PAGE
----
Monday, July 1, 2013

the many faces of music

Lou Volpe Trio at Stuyvesant Yacht Club (City Island, Bx., NY)

Sex faces, stroke faces, dancing faces and then there are music faces. Check out the link above for some jazz/blues faces. Here's my question: can you do any one of these faces with no stimulus at all?

It seems that for many of our faces, music is both motivator and catalyst. For some, the faces they put on are unknown to them unless they see a photograph of themselves. A famous actor used to video himself when drunk so that he could duplicate his looks and body language when acting a part that depicted drunkenness.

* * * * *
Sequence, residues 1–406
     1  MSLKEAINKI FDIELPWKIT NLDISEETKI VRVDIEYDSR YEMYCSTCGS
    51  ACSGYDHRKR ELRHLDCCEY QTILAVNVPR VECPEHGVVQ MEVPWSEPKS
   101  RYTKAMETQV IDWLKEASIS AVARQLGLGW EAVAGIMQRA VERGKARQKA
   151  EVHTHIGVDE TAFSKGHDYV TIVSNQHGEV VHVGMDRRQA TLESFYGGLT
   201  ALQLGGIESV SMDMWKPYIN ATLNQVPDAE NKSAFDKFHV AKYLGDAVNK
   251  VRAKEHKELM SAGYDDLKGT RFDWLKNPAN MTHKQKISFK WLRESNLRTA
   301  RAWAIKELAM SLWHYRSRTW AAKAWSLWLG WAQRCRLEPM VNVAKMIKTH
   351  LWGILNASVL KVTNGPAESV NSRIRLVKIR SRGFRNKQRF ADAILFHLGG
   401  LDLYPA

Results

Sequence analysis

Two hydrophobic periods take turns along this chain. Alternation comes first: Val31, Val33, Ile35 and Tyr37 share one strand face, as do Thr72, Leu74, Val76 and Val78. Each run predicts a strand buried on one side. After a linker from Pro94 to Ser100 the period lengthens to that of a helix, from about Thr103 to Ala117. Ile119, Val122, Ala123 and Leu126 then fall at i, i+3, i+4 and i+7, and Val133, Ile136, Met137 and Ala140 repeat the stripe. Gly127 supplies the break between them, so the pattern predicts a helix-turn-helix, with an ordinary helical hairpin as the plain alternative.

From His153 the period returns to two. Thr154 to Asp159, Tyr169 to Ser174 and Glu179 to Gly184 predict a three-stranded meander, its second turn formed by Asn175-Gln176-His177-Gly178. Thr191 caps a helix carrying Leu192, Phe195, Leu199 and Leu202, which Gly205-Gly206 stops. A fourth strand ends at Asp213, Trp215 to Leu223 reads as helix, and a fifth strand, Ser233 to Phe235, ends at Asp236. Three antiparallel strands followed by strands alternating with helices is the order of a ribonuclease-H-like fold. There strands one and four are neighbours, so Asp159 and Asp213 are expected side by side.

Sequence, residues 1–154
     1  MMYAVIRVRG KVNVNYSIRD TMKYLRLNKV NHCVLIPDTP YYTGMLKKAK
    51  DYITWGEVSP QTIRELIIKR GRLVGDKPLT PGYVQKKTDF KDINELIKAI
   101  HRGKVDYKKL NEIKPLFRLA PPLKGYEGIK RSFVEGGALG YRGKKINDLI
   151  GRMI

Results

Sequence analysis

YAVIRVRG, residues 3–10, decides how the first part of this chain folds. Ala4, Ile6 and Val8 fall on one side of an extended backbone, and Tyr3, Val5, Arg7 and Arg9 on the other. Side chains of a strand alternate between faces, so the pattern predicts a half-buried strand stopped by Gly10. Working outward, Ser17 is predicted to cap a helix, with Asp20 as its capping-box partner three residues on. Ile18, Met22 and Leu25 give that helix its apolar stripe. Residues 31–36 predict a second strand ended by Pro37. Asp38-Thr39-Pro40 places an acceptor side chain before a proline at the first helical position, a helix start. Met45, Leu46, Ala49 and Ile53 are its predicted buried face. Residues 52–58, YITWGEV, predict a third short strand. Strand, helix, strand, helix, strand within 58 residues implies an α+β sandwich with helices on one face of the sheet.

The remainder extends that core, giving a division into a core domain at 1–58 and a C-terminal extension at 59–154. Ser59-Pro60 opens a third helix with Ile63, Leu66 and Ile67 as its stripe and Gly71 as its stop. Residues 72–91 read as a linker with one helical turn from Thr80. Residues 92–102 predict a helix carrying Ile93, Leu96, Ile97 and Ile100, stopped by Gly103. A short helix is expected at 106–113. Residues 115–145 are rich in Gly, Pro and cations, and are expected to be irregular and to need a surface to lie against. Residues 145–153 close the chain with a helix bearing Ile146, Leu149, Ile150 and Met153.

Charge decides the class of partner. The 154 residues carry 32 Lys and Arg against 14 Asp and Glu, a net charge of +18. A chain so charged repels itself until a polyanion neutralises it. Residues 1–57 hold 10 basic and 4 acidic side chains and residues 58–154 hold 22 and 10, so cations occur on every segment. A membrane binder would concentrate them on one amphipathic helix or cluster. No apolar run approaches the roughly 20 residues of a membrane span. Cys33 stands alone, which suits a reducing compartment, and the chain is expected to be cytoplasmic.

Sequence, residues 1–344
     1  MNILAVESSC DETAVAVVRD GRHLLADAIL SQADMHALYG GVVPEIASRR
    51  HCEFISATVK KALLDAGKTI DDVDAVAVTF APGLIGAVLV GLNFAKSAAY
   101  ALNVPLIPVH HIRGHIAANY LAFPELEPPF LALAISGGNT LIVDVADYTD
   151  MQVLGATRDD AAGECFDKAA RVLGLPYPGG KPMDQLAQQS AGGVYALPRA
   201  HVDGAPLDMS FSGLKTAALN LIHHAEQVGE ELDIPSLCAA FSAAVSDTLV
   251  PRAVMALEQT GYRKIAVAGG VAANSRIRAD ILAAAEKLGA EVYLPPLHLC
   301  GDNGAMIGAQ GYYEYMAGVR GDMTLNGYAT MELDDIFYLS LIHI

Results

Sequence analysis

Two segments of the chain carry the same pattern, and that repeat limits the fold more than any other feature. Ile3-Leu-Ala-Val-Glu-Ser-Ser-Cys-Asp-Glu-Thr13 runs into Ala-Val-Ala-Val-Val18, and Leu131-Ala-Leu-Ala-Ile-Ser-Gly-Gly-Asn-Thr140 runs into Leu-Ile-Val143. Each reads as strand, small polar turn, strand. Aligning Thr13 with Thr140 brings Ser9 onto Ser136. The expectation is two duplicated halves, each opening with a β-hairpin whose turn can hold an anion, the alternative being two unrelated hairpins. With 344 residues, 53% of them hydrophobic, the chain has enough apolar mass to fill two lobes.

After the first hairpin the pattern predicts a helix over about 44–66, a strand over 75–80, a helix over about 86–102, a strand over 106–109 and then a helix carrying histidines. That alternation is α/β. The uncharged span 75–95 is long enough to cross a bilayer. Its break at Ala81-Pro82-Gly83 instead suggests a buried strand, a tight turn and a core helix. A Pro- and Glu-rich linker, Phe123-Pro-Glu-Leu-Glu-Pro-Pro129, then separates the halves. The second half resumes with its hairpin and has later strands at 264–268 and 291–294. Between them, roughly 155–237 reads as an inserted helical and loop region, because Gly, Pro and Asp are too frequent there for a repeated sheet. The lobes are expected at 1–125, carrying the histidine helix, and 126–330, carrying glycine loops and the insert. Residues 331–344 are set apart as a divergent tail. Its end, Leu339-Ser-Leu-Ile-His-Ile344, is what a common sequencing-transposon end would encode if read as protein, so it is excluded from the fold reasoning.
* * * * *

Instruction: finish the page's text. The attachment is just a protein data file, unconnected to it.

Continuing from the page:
Some cameras have something called "face detection" which allows for the auto-focus mechanism to be triggered when it detects a face and the even more sophisticated pick up on smiles! But how does one capture emotions while photographing? I have to admit, many times it's just luck or take a lot of shots in rapid bursts and hope to get at least one good one.

Just look at the above face (Lou Volpe). What do you see? Is he in love with his music? Has the music captured him in a state  of ecstasy? Is he even thinking? What's going on here?

Well, my answer is that you are viewing something that the famous philosopher William James in his book, "The Varieties of Religious Experience" would describe as an ineffable, noetic experience. The orgiastic facial expression is ubiquitous with many forms of music.

Are we the face(s) of music or is music an extension of our souls?

I'll let you decide.

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